On Kent Haruf's new novel, "Benediction," and Anticipation for the Upcoming New Coen Brothers' Film, "Inside Llewyn Davis"

So Kent Haruf’s new novel, Benediction, came out last February, but I waited until I came to Colorado to buy it, because I know Kent. He lives near Salida, about fifty miles from where my summer (writing) home is, and in support of the independently owned, brick-and-mortar bookstores, I bought my hardback at The Book Haven in Salida, a great mountain bookstore with a nice owner. Benediction is the continuation of a trilogy of sorts, one that started with Haruf’s best-seller Plainsong (1999), continued with Eventide (2004), and now has a final installment. All three novels are set in the fictional Holt, Colorado, which is in the northeastern plains area, the less-glamorous part of the state, but one that Haruf makes memorable and important. He makes it matter, which is one thing the best writing does.
I’m about two-thirds through Benediction and don’t want to finish it, don’t want it to end, which is praise of the highest degree. Haruf sometimes gets dissed for being “too good hearted,” but I find his worldview to be in sync with mine, acknowledging that most people in the world have much goodness in them, and they often contend or deal with the sinister and destructive. He doesn’t moralize or point fingers, even though it’s obvious his fiction very much has a moral center. Remember John Gardner’s On Moral Fiction (1978)? You never hear of that idea anymore, that fiction should have a moral center, and not be just entertainment. I agree with that idea, even if I don’t use that as a qualification for any art, but an aesthetic quality that I think the best art usually has.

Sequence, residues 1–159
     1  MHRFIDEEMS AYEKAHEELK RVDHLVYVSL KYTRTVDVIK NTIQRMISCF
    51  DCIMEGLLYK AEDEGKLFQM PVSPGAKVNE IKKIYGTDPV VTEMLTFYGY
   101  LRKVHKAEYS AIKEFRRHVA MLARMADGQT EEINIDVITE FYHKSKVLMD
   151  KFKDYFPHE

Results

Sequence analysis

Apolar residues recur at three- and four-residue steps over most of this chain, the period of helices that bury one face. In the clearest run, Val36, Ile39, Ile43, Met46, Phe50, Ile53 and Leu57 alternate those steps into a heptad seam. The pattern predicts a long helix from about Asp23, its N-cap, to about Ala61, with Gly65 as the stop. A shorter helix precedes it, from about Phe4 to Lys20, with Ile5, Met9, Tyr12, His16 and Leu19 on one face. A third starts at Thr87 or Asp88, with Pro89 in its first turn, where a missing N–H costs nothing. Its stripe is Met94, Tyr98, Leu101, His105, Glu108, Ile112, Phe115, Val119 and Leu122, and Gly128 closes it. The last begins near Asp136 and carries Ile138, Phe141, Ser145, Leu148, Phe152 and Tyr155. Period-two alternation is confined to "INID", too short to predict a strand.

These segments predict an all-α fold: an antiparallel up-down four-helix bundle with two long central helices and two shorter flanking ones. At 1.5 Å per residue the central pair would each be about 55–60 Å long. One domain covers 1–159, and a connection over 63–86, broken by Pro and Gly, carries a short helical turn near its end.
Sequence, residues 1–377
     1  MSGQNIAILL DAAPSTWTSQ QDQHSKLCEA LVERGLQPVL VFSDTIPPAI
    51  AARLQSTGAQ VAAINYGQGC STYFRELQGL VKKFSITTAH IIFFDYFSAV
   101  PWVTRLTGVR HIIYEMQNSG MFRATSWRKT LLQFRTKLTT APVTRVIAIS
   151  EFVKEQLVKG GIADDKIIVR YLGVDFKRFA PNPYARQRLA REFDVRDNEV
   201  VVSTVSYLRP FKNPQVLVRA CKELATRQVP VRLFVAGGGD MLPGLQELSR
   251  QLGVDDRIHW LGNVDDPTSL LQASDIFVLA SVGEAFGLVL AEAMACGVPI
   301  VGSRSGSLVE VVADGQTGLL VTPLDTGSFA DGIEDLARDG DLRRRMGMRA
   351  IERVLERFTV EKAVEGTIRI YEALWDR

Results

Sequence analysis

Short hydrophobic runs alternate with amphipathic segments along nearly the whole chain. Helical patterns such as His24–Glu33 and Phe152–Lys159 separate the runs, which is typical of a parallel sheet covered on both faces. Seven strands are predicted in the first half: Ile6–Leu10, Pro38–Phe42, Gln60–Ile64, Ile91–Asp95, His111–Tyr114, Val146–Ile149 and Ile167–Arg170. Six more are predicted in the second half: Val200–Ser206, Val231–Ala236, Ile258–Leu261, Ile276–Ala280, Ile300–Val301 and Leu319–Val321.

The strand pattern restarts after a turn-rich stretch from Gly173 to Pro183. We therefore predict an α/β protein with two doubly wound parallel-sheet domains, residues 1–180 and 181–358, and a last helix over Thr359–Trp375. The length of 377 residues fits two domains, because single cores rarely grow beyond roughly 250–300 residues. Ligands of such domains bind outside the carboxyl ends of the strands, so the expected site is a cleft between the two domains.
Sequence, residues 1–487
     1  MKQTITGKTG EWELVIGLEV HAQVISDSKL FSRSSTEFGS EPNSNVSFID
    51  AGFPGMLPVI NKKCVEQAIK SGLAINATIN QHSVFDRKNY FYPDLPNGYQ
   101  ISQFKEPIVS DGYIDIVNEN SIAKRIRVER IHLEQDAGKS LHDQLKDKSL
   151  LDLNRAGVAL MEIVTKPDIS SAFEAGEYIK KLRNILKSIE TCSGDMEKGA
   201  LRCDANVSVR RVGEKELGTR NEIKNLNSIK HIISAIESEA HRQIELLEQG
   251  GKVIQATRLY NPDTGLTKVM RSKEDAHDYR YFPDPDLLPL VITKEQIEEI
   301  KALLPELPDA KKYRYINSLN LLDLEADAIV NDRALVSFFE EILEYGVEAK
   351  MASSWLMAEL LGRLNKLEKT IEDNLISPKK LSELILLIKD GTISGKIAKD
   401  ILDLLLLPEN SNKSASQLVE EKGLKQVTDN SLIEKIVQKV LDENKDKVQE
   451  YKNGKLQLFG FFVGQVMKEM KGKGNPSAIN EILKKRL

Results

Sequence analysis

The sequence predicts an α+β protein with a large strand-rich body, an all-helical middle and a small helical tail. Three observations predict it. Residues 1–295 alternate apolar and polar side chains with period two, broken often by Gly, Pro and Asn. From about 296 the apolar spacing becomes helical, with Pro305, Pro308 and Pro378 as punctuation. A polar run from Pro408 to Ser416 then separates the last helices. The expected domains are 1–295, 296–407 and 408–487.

For instance, in Benediction there’s a preacher who gets in trouble in this small town for suggesting we should forgive terrorists and show them kindness instead of revenge and hatred. When he’s abused for stating his opinions, for insisting the teachings of Jesus should not be given only lip service, we the readers sympathize with both the preacher and the townspeople who are angered by his sermon. I remember the days after 9/11/2001 when many of my friends were hellbent on revenge and punishment, and though I could sympathize with their anger, I also knew nothing good would come of that, either—and it didn’t. It’s a beautifully written novel, with an ensemble cast of characters, and demonstrates Haruf’s position as one of the great Rocky Mountain writers, which I’m glad to be a part of.
And although we have to wait (until the fall!) for it, I’m psyched to hear that the Coen Brothers’s Inside Llewyn Davis got rave reviews at the Cannes Film Festival. They are my favorite film-makers, without a doubt, and a new film by them is a cause for rejoicing. I hate to have to wait that long, but at least Richard Linklater’s Before Midnight—another conclusion to a trilogy (Before Sunrise and Before Sunset being the first two, both fantastic films)—is due out this week. I’m seeing that next.

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